Do you approve of the principle that Britain and Spain should share sovereignty over Gibraltar?[8]

permitting a simple YES / NO answer (to be marked with a single (X)).

Outcome

Speech by Peter Caruana, QC, after the announcement of the result of the 2002 Referendum
Gibraltar sovereignty referendum, 2002
Choice Votes %
Referendum failed
No
17,900 98.48
Yes 187 1.03
Valid votes 18,087 99.51
Invalid or blank votes 89 0.49
Total votes 18,176 100.00
Registered voters and turnout 20,678 87.9
Source: New York Times, "Gibraltar Rejects Power-Sharing Between Britain and Spain"[9]

Peter Caruana, the Chief Minister of Gibraltar, said of the result: "We say to the British Government: Take stock of this referendum result, it's the will of the people of Gibraltar", and that the planned path to joint sovereignty was a "dead end road for everyone".[2]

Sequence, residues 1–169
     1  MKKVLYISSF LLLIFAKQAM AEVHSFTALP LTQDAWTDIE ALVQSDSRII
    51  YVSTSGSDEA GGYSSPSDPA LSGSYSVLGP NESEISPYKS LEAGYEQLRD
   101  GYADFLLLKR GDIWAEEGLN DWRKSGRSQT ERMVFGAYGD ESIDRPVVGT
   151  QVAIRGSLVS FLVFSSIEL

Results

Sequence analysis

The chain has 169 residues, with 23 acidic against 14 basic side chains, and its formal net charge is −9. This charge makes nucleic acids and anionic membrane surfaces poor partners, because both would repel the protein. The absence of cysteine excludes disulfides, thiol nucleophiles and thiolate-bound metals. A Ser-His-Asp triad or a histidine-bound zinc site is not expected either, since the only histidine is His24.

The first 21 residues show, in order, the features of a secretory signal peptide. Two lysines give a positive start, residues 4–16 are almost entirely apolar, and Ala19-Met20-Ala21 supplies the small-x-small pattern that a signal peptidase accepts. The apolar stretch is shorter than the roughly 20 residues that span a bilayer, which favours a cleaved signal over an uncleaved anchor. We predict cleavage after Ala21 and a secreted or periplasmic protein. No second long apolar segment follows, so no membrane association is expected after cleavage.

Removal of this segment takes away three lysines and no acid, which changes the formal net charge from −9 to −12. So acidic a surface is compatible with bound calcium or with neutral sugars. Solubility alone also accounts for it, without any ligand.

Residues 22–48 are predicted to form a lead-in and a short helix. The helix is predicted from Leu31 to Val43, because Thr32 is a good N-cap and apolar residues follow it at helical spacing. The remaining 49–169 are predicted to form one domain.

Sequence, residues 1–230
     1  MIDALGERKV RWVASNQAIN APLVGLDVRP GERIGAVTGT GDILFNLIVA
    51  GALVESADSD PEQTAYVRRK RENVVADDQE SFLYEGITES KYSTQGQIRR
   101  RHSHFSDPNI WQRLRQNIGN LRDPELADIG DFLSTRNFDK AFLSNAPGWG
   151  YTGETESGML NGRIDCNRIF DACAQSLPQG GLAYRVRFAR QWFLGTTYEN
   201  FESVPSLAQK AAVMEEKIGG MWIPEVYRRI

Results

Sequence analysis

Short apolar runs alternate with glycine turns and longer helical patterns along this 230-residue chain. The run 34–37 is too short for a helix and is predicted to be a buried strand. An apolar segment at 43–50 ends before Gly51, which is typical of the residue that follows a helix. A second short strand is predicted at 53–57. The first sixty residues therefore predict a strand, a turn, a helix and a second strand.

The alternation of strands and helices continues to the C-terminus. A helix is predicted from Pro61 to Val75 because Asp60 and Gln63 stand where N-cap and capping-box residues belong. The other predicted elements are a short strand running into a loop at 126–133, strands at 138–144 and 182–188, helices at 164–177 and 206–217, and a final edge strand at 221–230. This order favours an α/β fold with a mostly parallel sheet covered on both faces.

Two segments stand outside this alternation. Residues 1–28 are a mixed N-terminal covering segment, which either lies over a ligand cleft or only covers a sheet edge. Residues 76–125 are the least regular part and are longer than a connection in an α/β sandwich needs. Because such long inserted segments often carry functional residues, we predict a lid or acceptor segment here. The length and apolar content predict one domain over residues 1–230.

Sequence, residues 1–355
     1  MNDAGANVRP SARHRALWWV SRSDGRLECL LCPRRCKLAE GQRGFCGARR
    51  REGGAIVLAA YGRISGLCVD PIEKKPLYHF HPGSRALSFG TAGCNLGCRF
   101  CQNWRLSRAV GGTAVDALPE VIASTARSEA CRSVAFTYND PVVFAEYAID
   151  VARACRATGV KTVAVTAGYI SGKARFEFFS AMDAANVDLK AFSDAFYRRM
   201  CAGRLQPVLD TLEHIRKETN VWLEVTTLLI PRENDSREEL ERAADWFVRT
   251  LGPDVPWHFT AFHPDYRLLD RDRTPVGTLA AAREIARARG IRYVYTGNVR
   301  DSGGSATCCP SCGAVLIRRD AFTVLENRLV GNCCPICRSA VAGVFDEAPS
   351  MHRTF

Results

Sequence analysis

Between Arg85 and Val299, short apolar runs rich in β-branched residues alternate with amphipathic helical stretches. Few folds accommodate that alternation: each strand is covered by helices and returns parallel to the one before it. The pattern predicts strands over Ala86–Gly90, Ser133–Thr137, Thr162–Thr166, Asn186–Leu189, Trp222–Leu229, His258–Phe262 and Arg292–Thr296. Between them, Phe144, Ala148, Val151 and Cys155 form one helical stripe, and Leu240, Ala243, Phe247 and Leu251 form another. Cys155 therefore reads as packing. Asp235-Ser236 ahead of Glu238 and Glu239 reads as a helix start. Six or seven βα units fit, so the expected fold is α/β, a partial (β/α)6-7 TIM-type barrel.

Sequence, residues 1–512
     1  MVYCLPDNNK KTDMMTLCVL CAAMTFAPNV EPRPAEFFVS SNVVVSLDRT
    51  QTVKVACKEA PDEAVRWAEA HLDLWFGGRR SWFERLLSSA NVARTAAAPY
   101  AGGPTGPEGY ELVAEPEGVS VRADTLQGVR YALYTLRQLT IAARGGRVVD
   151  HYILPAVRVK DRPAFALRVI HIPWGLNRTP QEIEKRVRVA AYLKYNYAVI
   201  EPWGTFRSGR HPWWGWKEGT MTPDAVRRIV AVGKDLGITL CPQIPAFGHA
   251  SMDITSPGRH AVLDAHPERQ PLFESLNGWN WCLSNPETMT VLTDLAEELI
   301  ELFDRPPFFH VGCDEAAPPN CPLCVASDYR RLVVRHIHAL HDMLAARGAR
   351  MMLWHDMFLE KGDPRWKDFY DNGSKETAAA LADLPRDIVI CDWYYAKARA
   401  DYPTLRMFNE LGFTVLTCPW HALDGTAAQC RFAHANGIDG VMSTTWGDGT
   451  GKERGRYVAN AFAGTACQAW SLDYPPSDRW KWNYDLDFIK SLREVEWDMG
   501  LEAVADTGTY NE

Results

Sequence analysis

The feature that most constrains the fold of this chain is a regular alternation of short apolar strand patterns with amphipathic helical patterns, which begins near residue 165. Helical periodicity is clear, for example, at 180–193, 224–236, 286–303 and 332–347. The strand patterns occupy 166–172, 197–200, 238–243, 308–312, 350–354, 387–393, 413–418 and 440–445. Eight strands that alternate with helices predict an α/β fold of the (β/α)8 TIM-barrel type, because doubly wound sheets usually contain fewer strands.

Observers

The Government of Gibraltar invited a panel of observers headed by Gerald Kaufman MP. Their report stated that "The observers were extremely impressed with the organisation of the referendum and particularly welcome that the role of the observers was integral to the process, as distinct from the more passive role of observers in other elections. The meticulous way in which votes were counted exceeded requirements and went beyond requirements adopted for UK elections".[10]

Reactions

Reaction in Spain was mostly negative, with El País calling the referendum a "dishonest consultation",[11] while Spanish Minister of Foreign Affairs Ana Palacio described it as "illegal" and "against all the UN resolutions".[12] However, El País also said that "no Spanish Government, neither this one or its predecessors, has done enough to make joint sovereignty or integration with Spain an attractive prospect".[11]

In London, Jack Straw was criticised by the Commons foreign affairs committee, whose report stated that he was wrong to agree to joint sovereignty with Spain, when this was unacceptable to the people of Gibraltar. The report also emphasised the importance of the referendum, which represented the views of Gibraltarians. The Telegraph said "the people of Gibraltar today overwhelmingly rejected the principle of Britain sharing sovereignty of the Rock with Spain".[2]